UMM MOUSSA, DOHA (ضحى) lives in the village of Burin in the northern West Bank. Doha is part of one of the large families that has lived in the village for generations. She is a married mother of three. A zealous farmer, she organizes women’s activities and hosts international volunteers. She is the contact person for MachsomWatch with everything happening around her.
MachsomWatch member Rachel Afek spoke with Doha during the recent olive harvest season.
I DREAM OF PEACE
I dream of peace. Without the inhuman settlers who stand above, over there, and disrupt our lives. I dream of living every single day without discovering an additional harm they inflict upon us. I pray for us to be free. I dream of being able to drive wherever we wish, to go out to our lands – plow, weed, harvest in our own time. Without someone else ordering us and handing out certain days for working and harvesting.
At present, there is a certain coordination between the Palestinian Authority and the Israeli Administration – but even after we already have a permit, they still follow us. Why should we have to coordinate for permission to go to our own field? It is painful and humiliating.
WE TOO WISH TO LIVE LIKE HUMAN BEINGS
When I see people happy, free, not persecuted by others, I think; why can’t we too live like human beings? We all have families and children, both sides, we and the Israelis. Why kill? We could live in peace and security and work our land. In freedom. Without occupation.
The one memory I will never forget is the 1967 war. I was a little girl. My mother said, “Let’s sleep under the tree.” “Why?” I asked. “Because the Jews have occupied our village and there are airplanes at night that might attack the houses.” I remember that at night, we spread our mattresses under the olive trees about 100 meters from the house, and it was terribly frightening.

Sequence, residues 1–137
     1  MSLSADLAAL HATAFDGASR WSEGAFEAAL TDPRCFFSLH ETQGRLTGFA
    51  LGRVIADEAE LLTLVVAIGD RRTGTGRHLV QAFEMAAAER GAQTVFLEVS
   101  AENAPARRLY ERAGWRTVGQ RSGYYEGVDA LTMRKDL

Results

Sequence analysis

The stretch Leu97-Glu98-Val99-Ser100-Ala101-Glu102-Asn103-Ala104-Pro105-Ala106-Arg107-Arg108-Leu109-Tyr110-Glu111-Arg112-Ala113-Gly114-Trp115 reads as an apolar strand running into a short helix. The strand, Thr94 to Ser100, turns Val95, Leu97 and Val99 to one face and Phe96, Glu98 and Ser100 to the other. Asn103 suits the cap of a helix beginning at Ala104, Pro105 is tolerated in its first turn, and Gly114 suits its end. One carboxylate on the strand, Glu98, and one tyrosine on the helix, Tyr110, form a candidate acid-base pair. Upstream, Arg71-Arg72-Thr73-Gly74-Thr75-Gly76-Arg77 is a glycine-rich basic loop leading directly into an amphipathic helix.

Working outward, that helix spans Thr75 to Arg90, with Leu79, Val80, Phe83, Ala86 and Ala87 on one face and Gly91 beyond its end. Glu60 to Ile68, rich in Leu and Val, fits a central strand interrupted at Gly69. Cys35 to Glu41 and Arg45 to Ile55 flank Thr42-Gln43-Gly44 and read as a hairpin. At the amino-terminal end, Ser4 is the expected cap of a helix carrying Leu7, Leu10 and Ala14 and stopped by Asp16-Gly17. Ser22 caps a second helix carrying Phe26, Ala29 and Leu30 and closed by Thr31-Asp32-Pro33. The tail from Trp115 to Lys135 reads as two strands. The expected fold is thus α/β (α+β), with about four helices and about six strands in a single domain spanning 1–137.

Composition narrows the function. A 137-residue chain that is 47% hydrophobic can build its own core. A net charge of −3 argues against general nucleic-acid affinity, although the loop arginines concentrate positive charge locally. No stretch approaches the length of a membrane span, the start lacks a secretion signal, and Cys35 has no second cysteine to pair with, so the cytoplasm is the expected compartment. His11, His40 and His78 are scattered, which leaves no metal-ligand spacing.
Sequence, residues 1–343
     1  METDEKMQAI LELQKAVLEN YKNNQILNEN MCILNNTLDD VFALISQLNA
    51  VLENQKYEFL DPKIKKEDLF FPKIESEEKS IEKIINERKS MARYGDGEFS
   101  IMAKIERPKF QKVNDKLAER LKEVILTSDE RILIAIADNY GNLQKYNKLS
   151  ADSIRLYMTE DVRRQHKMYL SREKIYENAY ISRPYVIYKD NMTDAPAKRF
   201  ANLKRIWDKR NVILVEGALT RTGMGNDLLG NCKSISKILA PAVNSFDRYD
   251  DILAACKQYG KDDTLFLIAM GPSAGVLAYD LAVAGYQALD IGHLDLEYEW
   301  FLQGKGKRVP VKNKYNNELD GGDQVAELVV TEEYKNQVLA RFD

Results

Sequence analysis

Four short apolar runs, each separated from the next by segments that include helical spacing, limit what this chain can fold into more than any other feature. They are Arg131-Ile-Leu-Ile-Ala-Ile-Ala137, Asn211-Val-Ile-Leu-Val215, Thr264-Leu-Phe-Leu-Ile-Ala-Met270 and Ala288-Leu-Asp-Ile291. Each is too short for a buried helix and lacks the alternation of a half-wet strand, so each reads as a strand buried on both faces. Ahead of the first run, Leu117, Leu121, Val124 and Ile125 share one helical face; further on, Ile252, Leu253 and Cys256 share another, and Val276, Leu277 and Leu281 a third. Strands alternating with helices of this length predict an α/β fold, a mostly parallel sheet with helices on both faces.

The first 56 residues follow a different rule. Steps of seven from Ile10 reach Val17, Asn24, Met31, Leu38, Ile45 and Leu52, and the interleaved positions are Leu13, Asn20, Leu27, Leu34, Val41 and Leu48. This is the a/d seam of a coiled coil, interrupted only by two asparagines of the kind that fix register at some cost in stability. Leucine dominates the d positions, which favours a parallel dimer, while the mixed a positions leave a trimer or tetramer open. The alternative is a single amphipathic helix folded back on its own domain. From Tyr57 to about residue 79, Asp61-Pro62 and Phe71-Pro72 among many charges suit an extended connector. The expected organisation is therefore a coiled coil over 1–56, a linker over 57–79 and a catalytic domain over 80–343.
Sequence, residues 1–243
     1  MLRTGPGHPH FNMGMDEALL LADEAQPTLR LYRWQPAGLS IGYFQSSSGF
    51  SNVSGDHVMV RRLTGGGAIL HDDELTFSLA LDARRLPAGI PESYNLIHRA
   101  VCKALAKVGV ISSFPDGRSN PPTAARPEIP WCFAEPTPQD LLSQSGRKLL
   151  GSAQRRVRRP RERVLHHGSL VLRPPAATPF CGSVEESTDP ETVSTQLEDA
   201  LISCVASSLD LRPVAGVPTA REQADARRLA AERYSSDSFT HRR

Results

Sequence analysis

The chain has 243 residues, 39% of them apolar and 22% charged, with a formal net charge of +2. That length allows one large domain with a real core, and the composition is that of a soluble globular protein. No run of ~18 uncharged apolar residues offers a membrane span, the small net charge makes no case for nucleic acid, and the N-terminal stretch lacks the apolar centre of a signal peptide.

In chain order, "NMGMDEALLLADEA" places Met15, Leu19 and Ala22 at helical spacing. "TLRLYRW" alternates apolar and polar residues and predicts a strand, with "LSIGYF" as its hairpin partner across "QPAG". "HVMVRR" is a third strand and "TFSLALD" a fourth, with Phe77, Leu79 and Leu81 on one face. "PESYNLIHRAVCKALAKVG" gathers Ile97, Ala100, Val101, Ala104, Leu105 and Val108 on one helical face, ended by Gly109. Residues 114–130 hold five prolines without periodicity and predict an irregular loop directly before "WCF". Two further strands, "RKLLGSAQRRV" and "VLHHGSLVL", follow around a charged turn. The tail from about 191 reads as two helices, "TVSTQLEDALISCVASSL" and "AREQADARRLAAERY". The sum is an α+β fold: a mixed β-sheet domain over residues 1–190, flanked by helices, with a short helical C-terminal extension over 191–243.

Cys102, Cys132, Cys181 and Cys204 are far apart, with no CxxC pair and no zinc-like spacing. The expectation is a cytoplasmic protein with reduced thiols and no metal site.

I also remember that on the first day of the war, June 5, 1967, the Jews killed my father. He was a police officer in the Jordanian police and worked around Bitunya. We were not allowed to bury him for 3 months. I’ll never forget this. It was very difficult. To this day, Israel holds on to bodies and does not release them immediately for burial.
I was five years old, the second of four children (2, 3, 5 and 6 years old). We lost our father, and our mother, a widow at 28, had to work hard for strangers in order to survive, working in the fields, cleaning and such. However, we were honored as a bereaved family. I was an angry and sad child. From the age of nine, I accompanied my mother to her work in the fields. I remember us as children carrying heavy loads on our heads along with our mother. That was how I got used to working in the field.
MARRIAGE AND FAMILY
I met my husband Samir in high school; we were in the same class. We fell in love. We are related. I knew from the start that life with him would be as free as I wished. For 13 years I couldn’t have children. I miscarried, and after fertility treatments I had twins, and now I have 3 children. The eldest is finishing up her Hebrew and English studies at Al Najah University in Nablus. The youngest is graduating from high school. My husband is a high school teacher. During the long years when we couldn’t have children, I suggested he marry another woman, but he promised he would stay with me forever. He lets me have my space and understands me. He never prevents me from realizing my wishes.
I AM SAID TO BE A STRONG WOMAN, A LEADER
I got my strength from growing up without a father, with a surviving mother.
I organize trips for the women in Burin and its surroundings, to holy sites, especially to Al Aqsa, to Hebron, at times even to Akko and Haifa. My home is always open, and every year I host about 20 young people from all over the world who come for the olive harvest and stay in Burin. When they come, I set out an endless table with traditional Palestinian delicacies, made mostly out of Palestinian farm produce. A participant from Italy invited me to a slow food conference in Italy. I have already gone there twice, to demonstrate the preparation of Palestinian food.
FRIENDSHIP WITH ISRAELIS
I came to one of the Sea Days, and that is where I changed concerning Jews. The encounter with peace-seeking Israelis opened my mind. Ever since then I am in touch with MachsomWatch members, and organize groups for the Sea Days. I am always happy to meet the MachsomWatch women and am interested in having Burin women meet Israeli women from peace organizations, so they can begin to know a variety of Israelis and undergo the same change I experienced.
IN CONCLUSION …
Tomorrow, I want to go to our lands, to the trees planted by previous generations, and pick olives.
* Special thanks to Amira, Riki, Gili, Tali and Naomi, the dear Sea Days women who contributed to the writing of this profile
Lunch with Doha
Please send us an email (email@example.com) with your name and phone number if you are interested in joining us for a visit and lunch with Doha in Burin.We will be in touch as soon as we set a date for this visit.